On Sat, Jul 13, 2013 at 6:02 PM, meekerdb meeke...@verizon.net wrote: Christianity borrowed heavily from Zoroastrianism: final battle, good over evil, judgement day, punishment of the wicked. BUT the punishment wasn't eternal and everybody gets to heaven eventually and nobody has to get

Re: Can someone explain why this doesn't work?

2013-07-25 Thread John Clark
On Tue, Jul 23, 2013 Jason Resch jasonre...@gmail.com wrote: To me it seems that must be incorrect, because it would enable super luminal communication. By sending a continuous stream of entangled photons in opposite directions I can't send a message that way because I have no way of

Re: Can someone explain why this doesn't work?

2013-07-26 Thread John Clark
On Thu, Jul 25, 2013 at 6:21 PM, meekerdb meeke...@verizon.net wrote: I think this misunderstands Jason's thought experiment. I think he's assuming the source is polarized at 0deg, the same as A, not a random source as you assume. The photon has no polarization at all unless a filter is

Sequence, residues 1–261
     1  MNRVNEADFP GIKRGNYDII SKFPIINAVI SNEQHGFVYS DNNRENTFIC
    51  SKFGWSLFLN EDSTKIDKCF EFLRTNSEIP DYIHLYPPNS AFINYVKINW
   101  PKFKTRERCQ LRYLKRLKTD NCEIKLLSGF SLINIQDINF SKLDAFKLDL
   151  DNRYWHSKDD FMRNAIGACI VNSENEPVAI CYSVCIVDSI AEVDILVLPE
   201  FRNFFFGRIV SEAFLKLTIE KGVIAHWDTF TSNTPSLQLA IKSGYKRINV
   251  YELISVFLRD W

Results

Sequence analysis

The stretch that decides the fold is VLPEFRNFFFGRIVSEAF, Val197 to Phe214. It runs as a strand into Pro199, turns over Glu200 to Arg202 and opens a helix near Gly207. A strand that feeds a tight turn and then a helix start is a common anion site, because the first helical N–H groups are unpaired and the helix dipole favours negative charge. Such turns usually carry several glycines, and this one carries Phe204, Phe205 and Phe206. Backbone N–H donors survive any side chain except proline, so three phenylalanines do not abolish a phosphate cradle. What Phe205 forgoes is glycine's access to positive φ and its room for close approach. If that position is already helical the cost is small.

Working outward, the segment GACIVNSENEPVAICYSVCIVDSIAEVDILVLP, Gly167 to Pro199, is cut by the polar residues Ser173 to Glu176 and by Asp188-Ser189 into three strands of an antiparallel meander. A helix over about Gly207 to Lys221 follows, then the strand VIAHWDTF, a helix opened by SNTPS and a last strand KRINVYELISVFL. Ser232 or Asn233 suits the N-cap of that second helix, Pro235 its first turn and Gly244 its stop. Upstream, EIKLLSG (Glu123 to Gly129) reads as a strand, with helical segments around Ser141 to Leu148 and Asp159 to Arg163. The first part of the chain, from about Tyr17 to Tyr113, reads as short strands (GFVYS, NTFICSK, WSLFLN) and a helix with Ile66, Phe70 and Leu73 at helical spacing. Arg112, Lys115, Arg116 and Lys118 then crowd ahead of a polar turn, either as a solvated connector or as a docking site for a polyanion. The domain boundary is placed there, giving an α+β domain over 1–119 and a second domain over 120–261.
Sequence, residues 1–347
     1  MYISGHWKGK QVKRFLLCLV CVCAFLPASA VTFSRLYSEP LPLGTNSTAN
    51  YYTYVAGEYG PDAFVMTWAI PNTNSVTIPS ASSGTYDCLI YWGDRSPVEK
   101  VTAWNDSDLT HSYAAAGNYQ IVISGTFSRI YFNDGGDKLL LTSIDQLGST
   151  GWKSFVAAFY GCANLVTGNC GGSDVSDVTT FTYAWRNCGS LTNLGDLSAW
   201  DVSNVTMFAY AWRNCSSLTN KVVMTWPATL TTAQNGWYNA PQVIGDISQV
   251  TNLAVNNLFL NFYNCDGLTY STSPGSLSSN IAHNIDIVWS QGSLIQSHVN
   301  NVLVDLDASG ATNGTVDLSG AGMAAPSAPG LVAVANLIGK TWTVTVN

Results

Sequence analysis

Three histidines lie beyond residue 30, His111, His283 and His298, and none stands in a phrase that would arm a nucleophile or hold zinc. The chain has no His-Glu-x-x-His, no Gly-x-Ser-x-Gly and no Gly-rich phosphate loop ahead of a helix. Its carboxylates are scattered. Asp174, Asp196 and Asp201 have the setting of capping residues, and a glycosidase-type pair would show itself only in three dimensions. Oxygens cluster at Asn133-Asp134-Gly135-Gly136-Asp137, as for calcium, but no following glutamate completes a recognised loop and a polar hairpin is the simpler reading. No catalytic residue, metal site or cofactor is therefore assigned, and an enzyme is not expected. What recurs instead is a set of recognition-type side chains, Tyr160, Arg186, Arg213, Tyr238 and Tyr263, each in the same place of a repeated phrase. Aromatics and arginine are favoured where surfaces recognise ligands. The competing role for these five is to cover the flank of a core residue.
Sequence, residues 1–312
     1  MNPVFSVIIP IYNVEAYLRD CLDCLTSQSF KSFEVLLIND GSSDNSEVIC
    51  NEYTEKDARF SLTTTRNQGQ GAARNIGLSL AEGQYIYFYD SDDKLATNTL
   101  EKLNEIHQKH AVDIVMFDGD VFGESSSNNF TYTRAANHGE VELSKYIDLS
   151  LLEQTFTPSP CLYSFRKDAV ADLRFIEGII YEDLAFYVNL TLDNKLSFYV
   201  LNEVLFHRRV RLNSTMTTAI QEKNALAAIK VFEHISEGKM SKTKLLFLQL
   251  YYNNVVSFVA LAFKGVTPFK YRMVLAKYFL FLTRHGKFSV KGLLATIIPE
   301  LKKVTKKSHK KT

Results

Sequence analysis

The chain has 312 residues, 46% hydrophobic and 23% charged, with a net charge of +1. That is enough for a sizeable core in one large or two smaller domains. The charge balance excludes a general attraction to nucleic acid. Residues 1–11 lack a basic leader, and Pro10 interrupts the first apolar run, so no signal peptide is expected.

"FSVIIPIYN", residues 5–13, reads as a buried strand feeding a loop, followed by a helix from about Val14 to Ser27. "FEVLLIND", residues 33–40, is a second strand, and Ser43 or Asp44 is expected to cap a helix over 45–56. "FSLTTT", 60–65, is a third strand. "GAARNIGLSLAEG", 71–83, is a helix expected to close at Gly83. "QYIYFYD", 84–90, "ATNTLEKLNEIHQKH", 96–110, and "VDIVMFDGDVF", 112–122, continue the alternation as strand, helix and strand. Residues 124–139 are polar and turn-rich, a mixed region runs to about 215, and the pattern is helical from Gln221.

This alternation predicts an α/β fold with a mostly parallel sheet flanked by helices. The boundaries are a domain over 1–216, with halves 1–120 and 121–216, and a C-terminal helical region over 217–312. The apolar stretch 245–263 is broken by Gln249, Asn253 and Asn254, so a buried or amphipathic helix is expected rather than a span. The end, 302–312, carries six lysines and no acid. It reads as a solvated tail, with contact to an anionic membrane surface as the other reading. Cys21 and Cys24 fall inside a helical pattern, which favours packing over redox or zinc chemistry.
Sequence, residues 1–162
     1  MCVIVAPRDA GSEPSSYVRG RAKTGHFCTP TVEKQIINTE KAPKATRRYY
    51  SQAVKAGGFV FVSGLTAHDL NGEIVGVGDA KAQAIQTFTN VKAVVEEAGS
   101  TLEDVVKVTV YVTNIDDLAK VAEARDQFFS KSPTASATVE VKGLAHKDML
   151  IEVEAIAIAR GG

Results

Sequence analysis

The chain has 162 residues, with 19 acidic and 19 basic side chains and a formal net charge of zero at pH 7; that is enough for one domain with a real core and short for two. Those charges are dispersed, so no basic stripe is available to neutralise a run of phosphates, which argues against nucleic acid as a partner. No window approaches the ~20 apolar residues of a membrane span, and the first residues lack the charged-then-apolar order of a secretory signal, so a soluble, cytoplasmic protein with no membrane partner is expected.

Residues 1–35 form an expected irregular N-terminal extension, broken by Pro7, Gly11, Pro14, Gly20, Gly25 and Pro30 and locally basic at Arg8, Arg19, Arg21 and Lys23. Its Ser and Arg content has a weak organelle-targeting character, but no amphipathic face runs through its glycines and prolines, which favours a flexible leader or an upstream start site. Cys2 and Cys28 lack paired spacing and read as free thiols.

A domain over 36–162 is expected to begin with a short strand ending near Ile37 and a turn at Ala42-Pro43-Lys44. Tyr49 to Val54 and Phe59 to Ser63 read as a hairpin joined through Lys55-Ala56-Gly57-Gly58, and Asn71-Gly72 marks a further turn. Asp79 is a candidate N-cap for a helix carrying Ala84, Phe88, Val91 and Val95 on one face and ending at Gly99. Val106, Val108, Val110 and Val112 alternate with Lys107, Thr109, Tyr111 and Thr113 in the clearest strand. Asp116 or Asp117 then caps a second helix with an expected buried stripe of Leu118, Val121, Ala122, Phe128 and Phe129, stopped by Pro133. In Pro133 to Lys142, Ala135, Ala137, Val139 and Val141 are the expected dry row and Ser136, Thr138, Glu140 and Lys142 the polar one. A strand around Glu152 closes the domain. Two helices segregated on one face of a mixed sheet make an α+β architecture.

Re: Can someone explain why this doesn't work?

2013-07-26 Thread John Clark
On Fri, Jul 26, 2013Jason Resch jasonre...@gmail.com wrote: If a photon passes a filter orientated at 0 degrees, then it encounters a filter at 90 degrees it will be blocked. How do you know the photon is oriented at 0 degrees? If the photon has never been measured, if neither it nor its

Re: Can someone explain why this doesn't work?

2013-07-26 Thread John Clark
On Fri, Jul 26, 2013 at 9:46 PM, Jason Resch jasonre...@gmail.com wrote: So why is it the entanglement is destroyed by the presence of the 45 degree filter, but not the 0 degree filter? Because before the photon hit the 0 degree filter, that is to say before it was measured, neither it nor

Re: Whui I keep posting about Leibniz

2013-08-03 Thread John Clark
On Sat, Aug 3, 2013 at 8:44 AM, Roger Clough rclo...@verizon.net wrote: I am accused of wasting peoples' time by constantly posting here and elsewhere on the subject of Leibniz. I have nothing against Leibniz and that's not why you're wasting people's time, it's because whenever anybody has a